Dear doctors, Are you looking through our charts and wondering what you’ve gotten yourself into? Are you maybe wishing we were someone else’s problem? Yeah, we know. It’s OK. We know we aren’t the type of patient most doctors like to take on. There are a lot of strings attached to us, and there’s a lot of paperwork waiting to join that already insurmountable mountain of paperwork on your desk. We can’t ...

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"You have no husband?"  asked an oncologist at an Ivy League cancer center, his voice full of concern. "No," I replied. "No sons?" "No." "No daughters?" "No." "No sisters or brothers?" "No." "Your parents -- are they living?" "No." When I mentioned friends and extended family, he talked right over me.  Without a nuclear family, he seemed to think, I had no one. I'd been diagnosed with stage four gallbladder cancer, usually fatal within months.  The surgeon who'd removed three-quarters of ...

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Every patient has a story and an experience, and my patient experience began on July 6, 2004. One month after graduating from high school, I was involved in a near-fatal car accident. My heart shifted across my chest, lungs collapsed, major organs were either lacerated or failed completely, my pelvis was shattered, and I lost 60 percent of my blood. I was airlifted to shock trauma near death and underwent immediate ...

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Prior to her death, a courageous young woman named Jess Jacobs, who suffered from POTS (postural orthostatic tachycardia syndrome), wrote about the worst health care experience of her life.  It is a somewhat horrifying account of hospitalization in Washington D.C.  Her goal was to work toward meaningful health care changes in the system for the better. When I came across the story of another young woman afflicted with this ...

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Recently, the widow of Robin Williams made a plea to neurologists. Susan Schneider Williams' plea, in the form of an editorial in the journal Neurology, aimed to help neurologists "understand your patients along with their spouses and caregivers a little more" and "add a few more faces behind the why you do what you do." Her article tells the story of her husband’s tragic physical and psychological battle culminating in his death ...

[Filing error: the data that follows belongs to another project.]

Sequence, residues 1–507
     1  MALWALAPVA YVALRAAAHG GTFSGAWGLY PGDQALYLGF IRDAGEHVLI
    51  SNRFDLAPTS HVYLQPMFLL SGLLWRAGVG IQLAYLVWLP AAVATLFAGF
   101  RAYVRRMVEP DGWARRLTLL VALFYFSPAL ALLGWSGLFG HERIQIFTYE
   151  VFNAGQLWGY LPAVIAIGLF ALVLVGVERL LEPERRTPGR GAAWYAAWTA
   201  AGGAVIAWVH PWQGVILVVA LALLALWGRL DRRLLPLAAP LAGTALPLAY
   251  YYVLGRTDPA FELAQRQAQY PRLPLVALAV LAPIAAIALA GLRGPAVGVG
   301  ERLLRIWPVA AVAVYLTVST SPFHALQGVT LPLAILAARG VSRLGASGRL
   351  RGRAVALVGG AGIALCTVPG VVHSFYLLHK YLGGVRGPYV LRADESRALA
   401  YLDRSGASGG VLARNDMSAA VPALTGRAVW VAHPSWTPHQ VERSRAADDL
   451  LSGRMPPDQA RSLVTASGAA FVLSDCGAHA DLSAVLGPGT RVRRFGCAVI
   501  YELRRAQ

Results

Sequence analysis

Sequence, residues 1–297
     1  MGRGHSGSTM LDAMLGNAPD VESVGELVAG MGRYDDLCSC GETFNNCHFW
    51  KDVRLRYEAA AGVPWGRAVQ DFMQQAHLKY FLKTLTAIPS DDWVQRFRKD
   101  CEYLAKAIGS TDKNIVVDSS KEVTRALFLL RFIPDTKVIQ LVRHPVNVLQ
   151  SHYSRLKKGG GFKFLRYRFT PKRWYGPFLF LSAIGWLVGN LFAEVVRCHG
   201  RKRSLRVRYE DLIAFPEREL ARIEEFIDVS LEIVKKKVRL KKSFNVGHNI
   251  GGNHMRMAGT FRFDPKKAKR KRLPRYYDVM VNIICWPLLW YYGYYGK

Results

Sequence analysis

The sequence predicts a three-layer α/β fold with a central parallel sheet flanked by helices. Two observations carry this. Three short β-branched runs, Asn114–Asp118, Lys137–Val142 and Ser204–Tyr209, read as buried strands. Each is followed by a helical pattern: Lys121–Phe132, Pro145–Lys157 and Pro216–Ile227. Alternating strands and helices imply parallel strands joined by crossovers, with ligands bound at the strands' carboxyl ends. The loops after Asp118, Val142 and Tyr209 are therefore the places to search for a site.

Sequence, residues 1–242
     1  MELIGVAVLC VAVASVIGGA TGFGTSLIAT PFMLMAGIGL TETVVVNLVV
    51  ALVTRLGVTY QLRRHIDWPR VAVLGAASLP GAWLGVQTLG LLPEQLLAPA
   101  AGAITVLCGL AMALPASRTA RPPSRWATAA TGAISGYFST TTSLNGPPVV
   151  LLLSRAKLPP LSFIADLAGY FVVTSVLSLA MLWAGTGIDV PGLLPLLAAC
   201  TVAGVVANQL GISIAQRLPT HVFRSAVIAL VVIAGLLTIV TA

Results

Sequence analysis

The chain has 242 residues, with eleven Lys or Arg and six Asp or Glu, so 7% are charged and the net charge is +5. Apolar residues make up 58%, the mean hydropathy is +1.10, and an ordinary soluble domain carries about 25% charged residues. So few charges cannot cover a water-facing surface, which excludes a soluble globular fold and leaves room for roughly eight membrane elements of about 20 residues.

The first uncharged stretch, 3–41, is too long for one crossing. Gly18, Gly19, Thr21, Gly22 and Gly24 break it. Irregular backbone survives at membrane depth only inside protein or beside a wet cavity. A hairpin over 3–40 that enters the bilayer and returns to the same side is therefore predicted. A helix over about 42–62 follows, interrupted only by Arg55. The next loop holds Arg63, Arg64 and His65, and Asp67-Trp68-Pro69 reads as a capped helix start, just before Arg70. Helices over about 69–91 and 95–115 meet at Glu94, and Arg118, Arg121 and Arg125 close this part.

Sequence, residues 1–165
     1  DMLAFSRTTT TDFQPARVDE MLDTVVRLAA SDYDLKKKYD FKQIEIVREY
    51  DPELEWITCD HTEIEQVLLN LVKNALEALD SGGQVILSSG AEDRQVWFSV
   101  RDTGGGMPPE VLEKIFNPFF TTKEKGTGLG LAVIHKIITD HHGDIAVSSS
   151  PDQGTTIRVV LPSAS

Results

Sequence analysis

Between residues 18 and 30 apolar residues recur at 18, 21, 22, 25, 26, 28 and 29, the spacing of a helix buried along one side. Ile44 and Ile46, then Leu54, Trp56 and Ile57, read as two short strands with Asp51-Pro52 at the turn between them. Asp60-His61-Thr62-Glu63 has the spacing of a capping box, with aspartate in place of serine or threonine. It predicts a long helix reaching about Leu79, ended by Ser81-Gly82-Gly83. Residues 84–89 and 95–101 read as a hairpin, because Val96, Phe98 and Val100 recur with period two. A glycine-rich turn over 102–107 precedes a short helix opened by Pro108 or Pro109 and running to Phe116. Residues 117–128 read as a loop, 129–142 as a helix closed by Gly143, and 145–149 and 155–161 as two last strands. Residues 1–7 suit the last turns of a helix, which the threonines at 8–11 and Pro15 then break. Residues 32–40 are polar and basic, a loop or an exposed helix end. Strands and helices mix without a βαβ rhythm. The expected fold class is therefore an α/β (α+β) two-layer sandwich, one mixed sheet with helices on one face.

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Seven years ago, when I was first diagnosed with Stage 3 breast cancer, I approached it with a determination to win. As a competitive runner, that’s what I’ve always done. Cancer would be another uphill battle, with tough stretches as well as easier ones, just like my races. My oncologist encouraged me to keep running during all my treatments, telling me it would help on many levels. He and I knew it would ...

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"Nursing students needed to work in the University Hospital. Good pay. Orientation." As a rising nursing school senior in the 1970s, I naïvely applied for the job above without getting the full details. No one mentioned that I'd be working in a psychiatric unit housing twenty-five aggressive, catatonic or schizophrenic patients, many of whom had been locked away for years. The entrance sign, which should have read "Locked Psych/Med/Surg Unit," said simply, ...

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By the time I reached Dr. R, I was twelve months into an undiagnosed, severe, lower abdominal pain condition. Desperate for an accurate diagnosis and treatment plan after seeing ten doctors who had misdiagnosed me, I was exhausted and beyond frustrated with the care I’d received. Seated across from Dr. R. in her office with copies of my medical records and symptom diary in tow, I waited quietly while she reviewed ...

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Whenever he meets with a new patient, Harvey Chochinov likes to ask one important question: “What should I know about you as a person to help me take the best care of you that I can?” It’s a question every doctor should ask, says Chochinov, author of Dignity Therapy and director of the Manitoba Palliative Care Research Unit; a question he has found helps patient and doctor alike dial ...

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Dr. Kaveh Shojania, a prominent patient safety expert who scoffs at the numbers and laughs at the tragedy inflicted on countless victims of medical error, should step down as editor of a leading hospital safety journal. About three years ago, a scientist named John James published a study proclaiming that -- at minimum -- 210,000 people die every year from hospital errors, making it the third leading cause of death in ...

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